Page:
In keeping with the area’s celebration of the state bicentennial, the Community Book Read — returning after a year’s absence — will feature a wealth of Indiana history.
The book for adults is author James H. Madison’s “Hoosiers: A New History of Indiana,” published in 2014 by Indiana University Press and Indiana Historical Society Press.
The Bartholomew County Public Library has 10 to 12 copies available for checkout. It also has 80 free copies to give to local readers and share with others, said Mary Clare Speckner, community services coordinator at the library and also a member of the Community Book Read committee.
“Hoosiers” writer Madison, who lives in Bloomington, will highlight Hoosier links between past and present in a talk at 6:30 Oct. 18 at the library’s Red Room.
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“Generally, it’s pretty important to have the author of the book here if we can get them,” Speckner said.
Of his book, she said: “It’s history that’s fun — and a different way to look at Indiana.”
Ripley County used Madison’s volume for community discussions last year, Speckner said.
The author, a Pennsylvania native and now a retired Indiana University history professor, moved to Indiana for graduate school and eventually made the study of Indiana history an academic specialty, along with scholarship of World War II, IU officials said. He initially set out to revise his 1986 state history, “The Indiana Way,” in advance of the 2016 bicentennial celebration. But he soon realized more than a simple update would be required.
One area where that’s the case involves the Civil War, according to the book’s promotional material. “Hoosiers” describes the bitter fights in Indiana over the war and the draft, with Gov. Oliver Morton forcefully backing President Abraham Lincoln and a large pro-slavery element fiercely resisting.
“In the crucible of war,” Madison writes in the book, “the outward harmony of the first few months gave way to the bitterest and most violent political battles in Indiana’s history. … Lincoln’s Emancipation Proclamation unleashed fiery outrage.”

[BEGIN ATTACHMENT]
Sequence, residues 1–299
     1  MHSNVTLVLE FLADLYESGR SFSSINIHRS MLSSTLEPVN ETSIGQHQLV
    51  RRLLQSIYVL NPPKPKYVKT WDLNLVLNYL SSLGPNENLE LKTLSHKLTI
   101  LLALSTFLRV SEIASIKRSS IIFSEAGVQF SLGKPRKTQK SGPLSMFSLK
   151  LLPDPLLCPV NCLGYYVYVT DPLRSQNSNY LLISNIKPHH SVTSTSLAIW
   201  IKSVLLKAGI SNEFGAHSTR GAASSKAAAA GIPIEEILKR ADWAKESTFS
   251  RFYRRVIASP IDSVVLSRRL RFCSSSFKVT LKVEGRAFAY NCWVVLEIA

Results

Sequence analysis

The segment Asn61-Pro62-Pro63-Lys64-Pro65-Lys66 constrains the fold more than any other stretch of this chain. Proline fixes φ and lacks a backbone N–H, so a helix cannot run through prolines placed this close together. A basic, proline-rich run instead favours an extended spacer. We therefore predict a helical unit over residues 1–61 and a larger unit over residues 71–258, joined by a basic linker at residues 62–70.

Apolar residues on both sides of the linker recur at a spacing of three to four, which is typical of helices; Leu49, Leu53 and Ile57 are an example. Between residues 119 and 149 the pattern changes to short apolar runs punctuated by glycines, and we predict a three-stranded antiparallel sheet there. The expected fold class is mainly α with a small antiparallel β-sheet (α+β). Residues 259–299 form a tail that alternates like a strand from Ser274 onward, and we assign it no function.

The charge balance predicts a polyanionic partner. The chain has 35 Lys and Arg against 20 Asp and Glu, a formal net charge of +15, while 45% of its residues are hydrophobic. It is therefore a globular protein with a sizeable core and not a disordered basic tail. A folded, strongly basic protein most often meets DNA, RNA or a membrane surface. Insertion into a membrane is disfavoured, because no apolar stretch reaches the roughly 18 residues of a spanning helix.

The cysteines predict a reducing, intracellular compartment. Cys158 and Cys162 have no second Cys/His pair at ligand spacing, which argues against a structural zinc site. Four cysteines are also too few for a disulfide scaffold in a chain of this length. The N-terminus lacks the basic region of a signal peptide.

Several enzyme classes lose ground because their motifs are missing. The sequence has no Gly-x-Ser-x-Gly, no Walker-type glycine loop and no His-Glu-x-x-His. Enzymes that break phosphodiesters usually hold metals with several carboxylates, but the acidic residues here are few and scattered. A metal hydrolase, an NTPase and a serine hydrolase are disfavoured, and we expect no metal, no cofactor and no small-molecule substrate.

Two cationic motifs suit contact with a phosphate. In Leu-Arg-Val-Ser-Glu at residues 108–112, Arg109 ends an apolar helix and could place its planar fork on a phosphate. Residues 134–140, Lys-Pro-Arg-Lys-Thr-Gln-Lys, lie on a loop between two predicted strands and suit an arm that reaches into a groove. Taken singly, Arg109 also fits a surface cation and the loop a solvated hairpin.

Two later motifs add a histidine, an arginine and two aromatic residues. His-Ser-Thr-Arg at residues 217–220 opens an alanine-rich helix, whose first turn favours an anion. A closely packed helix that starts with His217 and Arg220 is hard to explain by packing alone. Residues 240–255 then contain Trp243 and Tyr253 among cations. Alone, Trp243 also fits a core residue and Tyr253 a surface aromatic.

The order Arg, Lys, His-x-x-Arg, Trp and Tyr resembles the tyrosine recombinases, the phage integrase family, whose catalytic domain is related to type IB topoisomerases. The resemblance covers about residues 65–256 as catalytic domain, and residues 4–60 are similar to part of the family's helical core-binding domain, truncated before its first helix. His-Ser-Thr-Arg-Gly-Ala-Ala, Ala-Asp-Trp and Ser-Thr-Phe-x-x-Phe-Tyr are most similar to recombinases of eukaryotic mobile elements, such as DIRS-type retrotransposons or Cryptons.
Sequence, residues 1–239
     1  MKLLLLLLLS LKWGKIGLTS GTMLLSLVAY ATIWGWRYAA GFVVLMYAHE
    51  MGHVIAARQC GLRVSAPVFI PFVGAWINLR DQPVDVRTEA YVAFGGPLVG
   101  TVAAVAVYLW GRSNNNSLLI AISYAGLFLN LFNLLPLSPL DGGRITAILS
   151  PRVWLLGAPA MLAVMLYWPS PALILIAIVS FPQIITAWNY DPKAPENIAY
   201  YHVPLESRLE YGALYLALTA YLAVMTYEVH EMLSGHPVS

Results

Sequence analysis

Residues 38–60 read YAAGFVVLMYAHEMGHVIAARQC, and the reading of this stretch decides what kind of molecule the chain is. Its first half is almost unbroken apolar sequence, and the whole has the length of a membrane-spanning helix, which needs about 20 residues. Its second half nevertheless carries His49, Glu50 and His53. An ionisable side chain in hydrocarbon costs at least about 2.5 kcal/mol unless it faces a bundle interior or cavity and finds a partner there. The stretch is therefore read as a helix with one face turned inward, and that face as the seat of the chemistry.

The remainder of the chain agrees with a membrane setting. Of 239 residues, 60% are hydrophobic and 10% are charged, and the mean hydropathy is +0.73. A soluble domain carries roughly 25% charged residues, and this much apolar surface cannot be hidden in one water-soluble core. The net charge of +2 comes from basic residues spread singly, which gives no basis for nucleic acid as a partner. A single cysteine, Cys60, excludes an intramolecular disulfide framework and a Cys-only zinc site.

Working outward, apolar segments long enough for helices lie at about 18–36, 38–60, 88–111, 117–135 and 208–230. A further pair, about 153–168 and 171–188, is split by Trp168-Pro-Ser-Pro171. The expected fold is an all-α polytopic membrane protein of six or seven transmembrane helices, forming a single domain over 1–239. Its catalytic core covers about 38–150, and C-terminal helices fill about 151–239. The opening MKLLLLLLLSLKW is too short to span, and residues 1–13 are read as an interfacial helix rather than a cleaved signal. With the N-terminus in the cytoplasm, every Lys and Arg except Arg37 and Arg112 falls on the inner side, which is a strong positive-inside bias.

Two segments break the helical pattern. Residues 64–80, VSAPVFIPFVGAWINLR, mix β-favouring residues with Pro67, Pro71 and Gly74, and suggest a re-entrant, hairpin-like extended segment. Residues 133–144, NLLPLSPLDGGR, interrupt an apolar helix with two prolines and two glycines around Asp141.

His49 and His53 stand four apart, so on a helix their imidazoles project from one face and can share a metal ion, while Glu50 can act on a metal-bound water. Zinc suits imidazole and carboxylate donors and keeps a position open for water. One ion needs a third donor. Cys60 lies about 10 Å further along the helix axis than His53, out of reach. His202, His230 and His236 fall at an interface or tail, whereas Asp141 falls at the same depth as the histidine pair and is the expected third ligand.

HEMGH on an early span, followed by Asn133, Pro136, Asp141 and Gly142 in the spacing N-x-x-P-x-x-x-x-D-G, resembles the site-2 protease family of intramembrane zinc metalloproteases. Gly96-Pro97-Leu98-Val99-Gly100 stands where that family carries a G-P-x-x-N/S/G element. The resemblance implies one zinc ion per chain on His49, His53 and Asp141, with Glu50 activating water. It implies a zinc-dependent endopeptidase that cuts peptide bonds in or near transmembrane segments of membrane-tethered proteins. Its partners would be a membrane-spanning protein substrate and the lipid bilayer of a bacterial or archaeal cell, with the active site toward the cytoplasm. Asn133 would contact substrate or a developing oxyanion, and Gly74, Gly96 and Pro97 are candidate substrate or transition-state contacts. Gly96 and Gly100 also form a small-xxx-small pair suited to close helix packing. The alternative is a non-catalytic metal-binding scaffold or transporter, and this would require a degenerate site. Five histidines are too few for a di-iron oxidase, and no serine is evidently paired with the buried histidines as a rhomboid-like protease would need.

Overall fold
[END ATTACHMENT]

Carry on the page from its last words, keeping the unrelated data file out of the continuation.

The Community Book Read began in October 2005 with Hoosier author James Alexander Thom’s “Follow the River.”
Other free Book Read events this fall, stretching through October, feature discussions, portrayal of historical figures, a look at the state’s musical legacy, and a recollection of comic and Hoosier native Red Skelton and an examination of noted pilot Amelia Earheart’s time at Purdue University.
Kidscommons is coordinating a variety of book read events for youngsters, Speckner said.
Here’s a look at some of the early events linked to the Community Book Read:
- The Charm, the Harm, and the Daring of Dillinger, Butler University professor Sally Perkins, 6:30 p.m. Wednesday, Bartholomew County Public Library. The program highlights authorities’ 14-month chase of Dillinger throughout Indiana in the 1920s.
- Indiana’s First Lady, Ann Gilmore Hay Jennings portrayed by Lori Roberts, 6:30 p.m. Monday, Bartholomew County Public Library.
- Discussion of the book, “IN Writing: Uncovering the Unexpected Hoosier State,” by The Republic columnist and former Associate Editor Harry McCawley, 6:30 p.m. Sept. 20, Bartholomew County Public Library. In this book of collected essays, one of them focuses on Columbus and its architecture.
- Amelia Earhart: Her Indiana Connections, 6:30 p.m. Sept. 28, Bartholomew County Public Library, by Indiana writer John Norberg, examining the pilot’s time at Purdue University.
- Red Skelton: Good Night and May God Bless, by writer and actress Stephanie Holman, 6:30 p.m. Oct. 3, Bartholomew County Public Library. Holman tells Shelton’s story through the women in his life.
- “Hoosiers: A New History of Indiana,” by Hoosier author James H. Madison, for adults.
- “Raindrops Roll,” by Hoosier author April Pulley Sayre for students in kindergarten through grade 2.
- “Sidekicked” by Hoosier author John David Anderson for students in grades 4-7.
- “Positive: Surviving My Bullies, Finding Hope, and Living to Change the World,” by Hoosier author Paige Rawl for students in grades 7 and higher.